How Will the New Administration Impact Farmers?

On January 20, 2021, Joseph Robinette Biden Jr. was sworn in as the 46th president of the United States. Since then, he has passed over 50 executive orders with more on their way. Despite the lingering effects of the global pandemic, climate protection and clean energy remain primary focuses for President Biden’s administration.  

This includes setting the US on a course of eliminating carbon pollution from the power sector by 2035. In regards to agriculture, Biden has said he wants US farming to be the first in the world to achieve net-zero emissions and create new sources of income for farmers in the process, by paying farmers to put their land in conservation and plant cover crops that use the soil to capture carbon.” 

But what exactly does this mean for the future of US farming? 

The Biden Administration’s Plans for Farming and Emission Reduction 

On his first day as president, Biden reentered America in the Paris Agreement. Though the agreement doesn’t specifically focus on agriculture, farming does play a role in our nation’s carbon and nitrogen emissions. Additionally, warmer temperatures and unseasonable weather can heavily impact farming productivity.  

Ultimately, President Biden plans to empower farmers to help in achieving emission goals and creating a more sustainable future for agriculture. This, however, poses a number of issues. First and foremost, “climate change” remains a contentious topic, with many farmers remaining unconvinced of its severity. Even for those who do believe climate change poses a serious threat, the overhead cost that comes with implementing green farming practices can prove to be an insurmountable hurdle.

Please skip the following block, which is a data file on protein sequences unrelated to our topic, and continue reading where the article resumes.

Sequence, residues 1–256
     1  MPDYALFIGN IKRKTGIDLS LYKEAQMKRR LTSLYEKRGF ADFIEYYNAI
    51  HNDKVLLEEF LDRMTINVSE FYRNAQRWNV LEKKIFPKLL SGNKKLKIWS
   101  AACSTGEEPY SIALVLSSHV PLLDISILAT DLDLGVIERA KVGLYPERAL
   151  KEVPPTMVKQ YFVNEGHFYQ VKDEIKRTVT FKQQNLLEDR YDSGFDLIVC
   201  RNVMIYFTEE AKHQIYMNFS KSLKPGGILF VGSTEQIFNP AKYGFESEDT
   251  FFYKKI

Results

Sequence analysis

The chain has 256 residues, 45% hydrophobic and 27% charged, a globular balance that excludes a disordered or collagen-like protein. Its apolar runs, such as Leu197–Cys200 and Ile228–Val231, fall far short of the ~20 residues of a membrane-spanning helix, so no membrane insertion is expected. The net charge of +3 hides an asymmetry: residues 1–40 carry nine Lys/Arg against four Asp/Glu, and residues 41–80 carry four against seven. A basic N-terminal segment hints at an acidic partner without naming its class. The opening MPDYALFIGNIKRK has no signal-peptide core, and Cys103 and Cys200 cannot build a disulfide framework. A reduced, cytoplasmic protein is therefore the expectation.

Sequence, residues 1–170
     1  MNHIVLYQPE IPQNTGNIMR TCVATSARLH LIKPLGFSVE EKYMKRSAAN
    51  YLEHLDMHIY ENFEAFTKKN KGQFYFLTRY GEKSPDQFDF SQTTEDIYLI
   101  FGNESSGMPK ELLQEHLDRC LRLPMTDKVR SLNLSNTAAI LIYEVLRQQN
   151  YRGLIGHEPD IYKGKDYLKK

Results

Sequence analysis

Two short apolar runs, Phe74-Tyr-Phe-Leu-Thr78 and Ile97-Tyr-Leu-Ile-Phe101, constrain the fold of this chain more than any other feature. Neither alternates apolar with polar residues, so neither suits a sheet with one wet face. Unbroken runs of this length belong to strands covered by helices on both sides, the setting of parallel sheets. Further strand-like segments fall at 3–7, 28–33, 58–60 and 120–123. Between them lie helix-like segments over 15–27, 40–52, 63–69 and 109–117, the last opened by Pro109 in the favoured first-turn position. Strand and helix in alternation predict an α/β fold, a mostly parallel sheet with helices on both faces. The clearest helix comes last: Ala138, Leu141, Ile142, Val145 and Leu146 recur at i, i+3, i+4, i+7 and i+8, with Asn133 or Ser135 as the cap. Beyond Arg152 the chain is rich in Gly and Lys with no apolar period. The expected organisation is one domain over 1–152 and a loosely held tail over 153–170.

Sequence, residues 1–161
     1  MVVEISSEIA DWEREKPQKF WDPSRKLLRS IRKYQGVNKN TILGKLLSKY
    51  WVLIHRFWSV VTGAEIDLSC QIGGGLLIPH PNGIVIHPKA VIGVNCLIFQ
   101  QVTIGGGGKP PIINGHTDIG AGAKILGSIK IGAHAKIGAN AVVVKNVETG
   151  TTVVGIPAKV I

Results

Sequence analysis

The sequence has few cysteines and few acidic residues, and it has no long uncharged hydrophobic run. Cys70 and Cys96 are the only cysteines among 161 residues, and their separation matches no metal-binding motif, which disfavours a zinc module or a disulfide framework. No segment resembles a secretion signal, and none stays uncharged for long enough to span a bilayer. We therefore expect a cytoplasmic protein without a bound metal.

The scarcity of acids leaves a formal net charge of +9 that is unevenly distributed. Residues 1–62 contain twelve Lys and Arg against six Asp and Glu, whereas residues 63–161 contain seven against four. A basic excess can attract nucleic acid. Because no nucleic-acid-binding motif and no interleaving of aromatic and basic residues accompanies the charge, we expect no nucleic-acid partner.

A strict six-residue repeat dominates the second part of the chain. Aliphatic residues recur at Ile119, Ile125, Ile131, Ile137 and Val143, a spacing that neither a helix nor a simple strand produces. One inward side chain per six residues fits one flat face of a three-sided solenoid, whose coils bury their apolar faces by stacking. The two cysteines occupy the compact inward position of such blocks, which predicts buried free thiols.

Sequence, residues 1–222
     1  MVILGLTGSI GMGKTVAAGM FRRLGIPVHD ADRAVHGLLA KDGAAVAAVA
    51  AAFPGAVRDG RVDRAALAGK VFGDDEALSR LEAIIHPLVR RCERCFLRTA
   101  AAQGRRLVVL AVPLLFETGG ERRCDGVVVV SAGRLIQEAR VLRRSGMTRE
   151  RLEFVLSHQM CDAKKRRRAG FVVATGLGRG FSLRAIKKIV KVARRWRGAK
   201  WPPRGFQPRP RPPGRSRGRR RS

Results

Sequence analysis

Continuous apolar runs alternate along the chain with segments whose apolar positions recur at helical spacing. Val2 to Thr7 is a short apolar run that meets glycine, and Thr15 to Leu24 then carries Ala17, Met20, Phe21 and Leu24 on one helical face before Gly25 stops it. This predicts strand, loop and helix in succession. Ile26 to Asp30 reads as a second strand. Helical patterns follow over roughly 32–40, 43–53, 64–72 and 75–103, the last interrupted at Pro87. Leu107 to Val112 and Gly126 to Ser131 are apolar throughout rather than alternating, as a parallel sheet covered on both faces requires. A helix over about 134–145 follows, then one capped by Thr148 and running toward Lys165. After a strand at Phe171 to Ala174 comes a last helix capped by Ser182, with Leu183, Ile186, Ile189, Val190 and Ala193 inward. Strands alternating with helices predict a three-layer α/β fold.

In order for farmers to get onboard with the new administration’s environmental plans, assistance is needed. This is where the USDA comes in. The Biden administration has said that the USDA will serve as “a linchpin of the next Administration’s climate strategy.” 

How exactly this plays out remains to be seen, however. Currently, there are talks of expanding and increasing funding for existing conservation programs, which have proven successful in protecting the environment and restoring health to damaged and unusable farmland. The most prominent of these programs is the Conservation Reserve Program (CRP). 

Since 1985, CRP has made it possible for farmers to take marginal land out of active production and establish grasslands, wetlands, wildlife habitat, pollinator habitat, and more. In exchange for doing so, CRP contract holders receive market-based rental payments. Not only can CRP be very beneficial for the environment, but it also allows for farmers to earn money on otherwise marginal and underperforming land.  

Additionally, there has been an increased focus on establishing a national carbon market. US Secretary of the Treasury Janet Yellen says “We cannot solve the climate crisis without effective carbon pricingI am fully supportive of effective carbon pricing, and I know that the President is as well.” 

While carbon markets are available in select parts of the US, they lack cohesive pricing and structure, limiting their overall effectiveness. It’s also difficult for individual farmers to join and benefit from these markets. Creating a system that’s managed under the USDA could solve the problem, allowing farmers to directly benefit from sequestering carbon without having to go through a larger third-party. 

In our next post, we’ll dive deeper into the proposed plans for establishing a carbon market and potentially creating a carbon bank under the USDA.